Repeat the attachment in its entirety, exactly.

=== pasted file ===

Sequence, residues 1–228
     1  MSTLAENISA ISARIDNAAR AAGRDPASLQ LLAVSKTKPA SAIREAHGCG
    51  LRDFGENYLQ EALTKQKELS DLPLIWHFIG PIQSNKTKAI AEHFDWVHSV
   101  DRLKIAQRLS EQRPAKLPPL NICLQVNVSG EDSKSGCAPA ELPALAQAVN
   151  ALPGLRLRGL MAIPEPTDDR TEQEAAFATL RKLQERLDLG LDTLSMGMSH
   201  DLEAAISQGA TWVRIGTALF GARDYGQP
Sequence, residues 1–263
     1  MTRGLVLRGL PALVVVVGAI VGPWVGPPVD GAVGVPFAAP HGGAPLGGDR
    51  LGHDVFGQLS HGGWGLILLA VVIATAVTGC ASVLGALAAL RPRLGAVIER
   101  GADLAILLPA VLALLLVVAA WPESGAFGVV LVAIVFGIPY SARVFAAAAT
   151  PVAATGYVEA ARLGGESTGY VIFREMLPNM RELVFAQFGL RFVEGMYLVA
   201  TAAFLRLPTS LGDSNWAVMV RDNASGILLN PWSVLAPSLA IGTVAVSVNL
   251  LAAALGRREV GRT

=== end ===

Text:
Sequence, residues 1–228
     1  MSTLAENISA ISARIDNAAR AAGRDPASLQ LLAVSKTKPA SAIREAHGCG
    51  LRDFGENYLQ EALTKQKELS DLPLIWHFIG PIQSNKTKAI AEHFDWVHSV
   101  DRLKIAQRLS EQRPAKLPPL NICLQVNVSG EDSKSGCAPA ELPALAQAVN
   151  ALPGLRLRGL MAIPEPTDDR TEQEAAFATL RKLQERLDLG LDTLSMGMSH
   201  DLEAAISQGA TWVRIGTALF GARDYGQP
Sequence, residues 1–263
     1  MTRGLVLRGL PALVVVVGAI VGPWVGPPVD GAVGVPFAAP HGGAPLGGDR
    51  LGHDVFGQLS HGGWGLILLA VVIATAVTGC ASVLGALAAL RPRLGAVIER
   101  GADLAILLPA VLALLLVVAA WPESGAFGVV LVAIVFGIPY SARVFAAAAT
   151  PVAATGYVEA ARLGGESTGY VIFREMLPNM RELVFAQFGL RFVEGMYLVA
   201  TAAFLRLPTS LGDSNWAVMV RDNASGILLN PWSVLAPSLA IGTVAVSVNL
   251  LAAALGRREV GRT